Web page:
The Duke and Duchess of Sussex have spent the last month contacting the leaders of major corporations, lobbying them to withdraw advertising spending from "lawless" social media companies such as Facebook.
Prince Harry revealed that he and his wife have set their sights on “remodelling the architecture” of social media, warning that sweeping change is needed to protect mental health and stop the spread of misinformation.
In a 1,400-word opinion piece for US business magazine Fast Company, he said the cost of using social media use was “very high”, with personal data traded for profit in a “relatively lawless space”.
He questioned what such susceptibility to “the coercive forces in digital spaces” would mean for our children, adding: “As a father, this is especially concerning to me.”
The issue will become one of the main focuses of the couple’s longer term work through their non-profit organisation, Archewell.
The article, for which the Duke was not paid, is considered an introduction to the couple’s mindset as they plough their own furrow in Los Angeles, the Telegraph understands.
The decision to focus on online behaviour was inspired in part by the work they have both undertaken in recent years on mental health and more recently by the civil and racial justice campaigns in the wake of the death of George Floyd.
In a speech last month, the Duchess urged teen girls and young women to drown out sometimes "painfully loud" negative online chatter with positivity.
The Duke warned in his article that online communities should be "defined more by compassion than hate; by truth instead of misinformation; by equity and inclusiveness instead of injustice and fearmongering; by free, rather than weaponised, speech."
He wrote: “A little over four weeks ago, my wife and I started calling business leaders, heads of major corporations, and chief marketing officers at brands and organisations we all use in our daily lives.
“Our message was clear: The digital landscape is unwell and companies like yours have the chance to reconsider your role in funding and supporting online platforms that have contributed to, stoked, and created the conditions for a crisis of hate, a crisis of health, and a crisis of truth.”
He called for meaningful digital reform, adding: “We’ve spoken with leaders across the racial justice movement, experts in humane tech, and advocates of mental health. And the collective opinion is abundantly clear: We do not have the luxury of time.”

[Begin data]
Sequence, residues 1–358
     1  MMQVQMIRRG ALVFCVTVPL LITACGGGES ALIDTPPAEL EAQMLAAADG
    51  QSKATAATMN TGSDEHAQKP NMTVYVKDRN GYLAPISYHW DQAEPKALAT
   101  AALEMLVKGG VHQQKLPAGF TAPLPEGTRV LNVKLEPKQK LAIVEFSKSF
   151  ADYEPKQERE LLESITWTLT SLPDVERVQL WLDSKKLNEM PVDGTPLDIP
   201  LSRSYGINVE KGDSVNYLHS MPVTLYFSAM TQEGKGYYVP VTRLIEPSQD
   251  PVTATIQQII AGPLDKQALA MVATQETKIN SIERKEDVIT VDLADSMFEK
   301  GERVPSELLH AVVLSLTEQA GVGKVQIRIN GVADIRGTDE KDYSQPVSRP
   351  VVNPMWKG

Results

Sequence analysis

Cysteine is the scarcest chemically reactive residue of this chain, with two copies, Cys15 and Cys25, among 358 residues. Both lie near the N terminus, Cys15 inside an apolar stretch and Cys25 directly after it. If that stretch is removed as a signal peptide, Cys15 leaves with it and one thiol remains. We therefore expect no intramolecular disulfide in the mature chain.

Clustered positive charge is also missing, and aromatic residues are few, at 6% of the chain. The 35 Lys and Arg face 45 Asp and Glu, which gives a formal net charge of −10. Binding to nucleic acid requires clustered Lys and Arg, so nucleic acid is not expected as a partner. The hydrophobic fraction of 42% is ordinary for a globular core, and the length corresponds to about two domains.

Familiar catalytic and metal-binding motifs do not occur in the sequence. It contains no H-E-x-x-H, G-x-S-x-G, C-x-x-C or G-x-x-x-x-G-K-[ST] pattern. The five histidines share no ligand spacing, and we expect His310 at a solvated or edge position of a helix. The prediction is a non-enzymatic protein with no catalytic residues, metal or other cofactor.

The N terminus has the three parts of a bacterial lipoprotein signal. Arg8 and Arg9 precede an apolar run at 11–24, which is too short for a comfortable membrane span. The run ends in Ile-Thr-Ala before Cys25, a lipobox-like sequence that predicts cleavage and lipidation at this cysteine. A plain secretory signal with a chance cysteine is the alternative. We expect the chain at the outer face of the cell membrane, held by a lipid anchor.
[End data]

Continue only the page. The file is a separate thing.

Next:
The intervention coincided with the launch of the US-based Stop Hate for Profit campaign, which is putting mounting pressure on Facebook to tackle hate speech on its platform. In recent weeks, more than 1,000 companies, including adidas, Ford and Unilever, have withdrawn their advertising spend as a result.
Although the Sussexes support the campaign, their own work on the issue will be independent.
The Duke said that while social media was a seemingly free resource, ostensibly used for connecting, sharing and organising, the “price we’re all paying is much higher than it appears.”
“Every time you click they learn more about you,” he wrote. “Our information, private data, and unknown habits are traded on for advertising space and dollars.
“Whereas normally we’re the consumer buying a product, in this ever-changing digital world, we are the product.”
He said that he and his wife had “felt it necessary” to speak out about the rise of what he called an “unchecked and divisive attention economy” which could even drive people towards radicalism and extremism.
“This remodeling must include industry leaders from all areas drawing a line in the sand against unacceptable online practices as well as being active participants in the process of establishing new standards for our online world," he added.
In 2018, the Duke of Cambridge criticised technology giants, warning they were failing to protect children from the hate and bile of social media and out of their depth in tackling the negative side of their platforms.